From Beyoncé to Laila Ali, celebrity moms talk nursing their babies
Ask Tomiko Fraser Hines, and she’ll tell you without much hesitation: Breastfeeding her newborn twin babies was a given.
The model-actress shared details of she and her husband’s fertility struggles—they ended up using a donor egg—and finally she was able to give birth to two healthy sons. It cemented her choice to breastfeed her babies.
Had she not gone through the years long struggle of trying to conceive, breastfeeding would have been an option anyway. Given that Fraser Hines, who also heads up Tomiko Fraser’s Goddess Gathering, a women’s empowerment and support group, she knew that many of the mothers in her group all breastfed their babies.
Because her sons were conceived using an anonymous donor egg, she says she “wanted more of a bond with them via breastfeeding, so it was very important to me that they are breastfed. I was working with a lactation nurse who was applauding me for my stick-to-itiveness, like, ‘You really want to do this!’ It’s harder with two. But I was determined.”
Breastfeeding, for all of its good health benefits, also is a bonding experience for women. “It is the most amazing thing ever,” Fraser Hines says. “They’re kind of nestled into your bosom and it’s very organic, very primal, it’s just so natural and it’s soothing. I am amazed at my breasts. I’m amazed at what they can do and the feeling I am experiencing being a mother. My body is doing what it was made to do, and producing milk is insane. I’ve got milk coming out of me … and this milk is all that my children need. They could have nothing else, they just have breast milk and they’re more than healthy.”
The good news? Fraser Hines isn’t alone. Black women can look to plenty of African-American celebrity moms who are speaking out about the benefits of breastfeeding their babies.
Here’s who else is doing it:
It was a moment when it was reported that the pop superstar publicly breastfed baby girl Blue Ivy in a New York restaurant. The singer also has shared that she breastfed her daughter for 10 weeks before switching over to formula. “I lost most of my weight from breastfeeding, and I encourage women to do it; it’s just so good for the baby and good for yourself,” she gushed to People magazine.
The athlete had a natural birth for her daughter Sydney, and she’s said that not only was breastfeeding the best choice for her, it also helped her get back to a healthy weight.
The former “American Idol” judge shared with Barbara Walters in a “20/20” interview that she nursed her twin babies, Monroe and Moroccan, for three months.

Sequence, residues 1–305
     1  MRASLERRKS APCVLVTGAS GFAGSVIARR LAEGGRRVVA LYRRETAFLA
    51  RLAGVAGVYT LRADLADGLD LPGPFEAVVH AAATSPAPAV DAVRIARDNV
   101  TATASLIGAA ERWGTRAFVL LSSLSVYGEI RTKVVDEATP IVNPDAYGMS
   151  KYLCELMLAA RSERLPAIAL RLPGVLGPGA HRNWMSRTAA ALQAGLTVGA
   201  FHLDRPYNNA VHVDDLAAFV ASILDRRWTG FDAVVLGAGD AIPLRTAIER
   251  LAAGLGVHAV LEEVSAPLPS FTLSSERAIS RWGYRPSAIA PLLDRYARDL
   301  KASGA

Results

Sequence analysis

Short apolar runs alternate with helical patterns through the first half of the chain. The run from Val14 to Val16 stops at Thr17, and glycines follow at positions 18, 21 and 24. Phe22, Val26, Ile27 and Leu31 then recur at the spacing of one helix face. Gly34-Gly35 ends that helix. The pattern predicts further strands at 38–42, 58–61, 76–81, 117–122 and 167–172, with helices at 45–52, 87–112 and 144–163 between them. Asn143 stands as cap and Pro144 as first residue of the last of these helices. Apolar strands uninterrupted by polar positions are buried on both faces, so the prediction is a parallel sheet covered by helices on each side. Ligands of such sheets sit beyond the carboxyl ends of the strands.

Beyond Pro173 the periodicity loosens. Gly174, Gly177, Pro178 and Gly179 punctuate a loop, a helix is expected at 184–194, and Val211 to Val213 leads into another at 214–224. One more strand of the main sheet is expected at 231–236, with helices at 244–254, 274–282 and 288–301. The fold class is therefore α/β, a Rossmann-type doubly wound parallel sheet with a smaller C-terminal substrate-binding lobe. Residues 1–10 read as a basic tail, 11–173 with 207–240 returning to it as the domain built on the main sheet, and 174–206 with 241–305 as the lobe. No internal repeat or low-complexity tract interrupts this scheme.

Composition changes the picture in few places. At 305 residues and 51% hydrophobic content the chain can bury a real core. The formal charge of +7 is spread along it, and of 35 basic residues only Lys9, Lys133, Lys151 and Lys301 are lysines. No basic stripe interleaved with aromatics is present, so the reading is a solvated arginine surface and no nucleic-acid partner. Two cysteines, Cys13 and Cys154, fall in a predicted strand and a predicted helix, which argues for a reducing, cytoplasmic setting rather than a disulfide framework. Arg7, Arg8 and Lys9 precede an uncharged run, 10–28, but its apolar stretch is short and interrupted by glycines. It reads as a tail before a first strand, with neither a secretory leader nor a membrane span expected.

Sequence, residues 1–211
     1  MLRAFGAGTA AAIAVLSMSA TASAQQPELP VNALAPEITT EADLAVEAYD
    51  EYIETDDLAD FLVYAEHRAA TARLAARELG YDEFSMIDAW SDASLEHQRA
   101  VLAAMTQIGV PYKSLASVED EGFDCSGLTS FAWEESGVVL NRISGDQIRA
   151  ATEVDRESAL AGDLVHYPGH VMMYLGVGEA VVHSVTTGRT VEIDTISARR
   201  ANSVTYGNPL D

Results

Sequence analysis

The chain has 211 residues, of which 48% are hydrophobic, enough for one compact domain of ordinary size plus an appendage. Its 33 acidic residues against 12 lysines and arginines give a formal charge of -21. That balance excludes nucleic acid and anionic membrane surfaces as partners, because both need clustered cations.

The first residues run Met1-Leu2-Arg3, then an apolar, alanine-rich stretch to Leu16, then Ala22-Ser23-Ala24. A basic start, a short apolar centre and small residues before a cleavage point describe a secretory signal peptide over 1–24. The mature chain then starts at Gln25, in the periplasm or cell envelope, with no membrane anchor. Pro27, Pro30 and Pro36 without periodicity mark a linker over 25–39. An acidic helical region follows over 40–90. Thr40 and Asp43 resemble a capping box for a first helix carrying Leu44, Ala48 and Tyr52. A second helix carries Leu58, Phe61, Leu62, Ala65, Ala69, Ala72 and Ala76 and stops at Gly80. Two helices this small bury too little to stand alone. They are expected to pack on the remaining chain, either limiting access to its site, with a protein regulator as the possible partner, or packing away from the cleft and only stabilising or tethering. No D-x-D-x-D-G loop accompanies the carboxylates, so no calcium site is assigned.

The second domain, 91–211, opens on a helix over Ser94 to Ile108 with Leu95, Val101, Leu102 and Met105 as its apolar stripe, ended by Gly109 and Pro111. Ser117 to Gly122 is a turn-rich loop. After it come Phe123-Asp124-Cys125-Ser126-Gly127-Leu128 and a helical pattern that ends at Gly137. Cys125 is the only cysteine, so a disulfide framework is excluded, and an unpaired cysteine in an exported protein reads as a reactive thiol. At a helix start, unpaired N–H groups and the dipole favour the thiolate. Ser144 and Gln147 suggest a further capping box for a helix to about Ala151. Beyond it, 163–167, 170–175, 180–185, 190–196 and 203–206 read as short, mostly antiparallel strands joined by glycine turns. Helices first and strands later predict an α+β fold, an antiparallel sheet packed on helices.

In the making of video of her track “Fall In Love”—released two years ago—we saw Badu breastfeeding her daughter, Mars, on several occasions.
The former VJ gave birth to a baby boy, and following his birth, she constantly tweeted out her new daily life of breastfeeding woes.
Tia and Tamera Mowry
The twins embraced everything about motherhood (they even hired doulas), including breastfeeding. Now they are launching a new product to help moms who are having difficulty lactating. “Many women don’t know there is scientific backing for a certain natural supplement to increase breast milk—but there is!” the twins wrote on their blog. Their product, Milky, contains the natural supplement fenugreek.
After a Christmas delivery of her son, Varro, the actress talked with Essence about how quickly her son latched onto breastfeeding. She’s joked about being back at work—on the set of “A Haunted House” with Marlon Wayans—and how she was breastfeeding and lactating and felt like she would explode. She also tweeted out that she once stopped her car to feed her 15-week-old son.
The soul-singing mama—she’s a platinum-seller who also has three children—told Momlogic.com that she’s a big believer in breastfeeding. “I breastfed my oldest for nine months, my second for six months, and I plan to breastfeed my new baby girl for at least six months. At the end of the day, you have healthier kids. Plus, while I was breastfeeding, a lot of the baby weight just dropped off.:
Since health-care providers are the public’s first line of defense against widening health disparities, and breastfeeding is one of the best early ways to combat many of these conditions, the National Medical Association has formed the Breastfeeding Alliance. This task force, supported by a grant from the Kellogg Foundation, is designed to educate physicians about the importance of breastfeeding and encourage them to start the dialogue about the practice with new moms.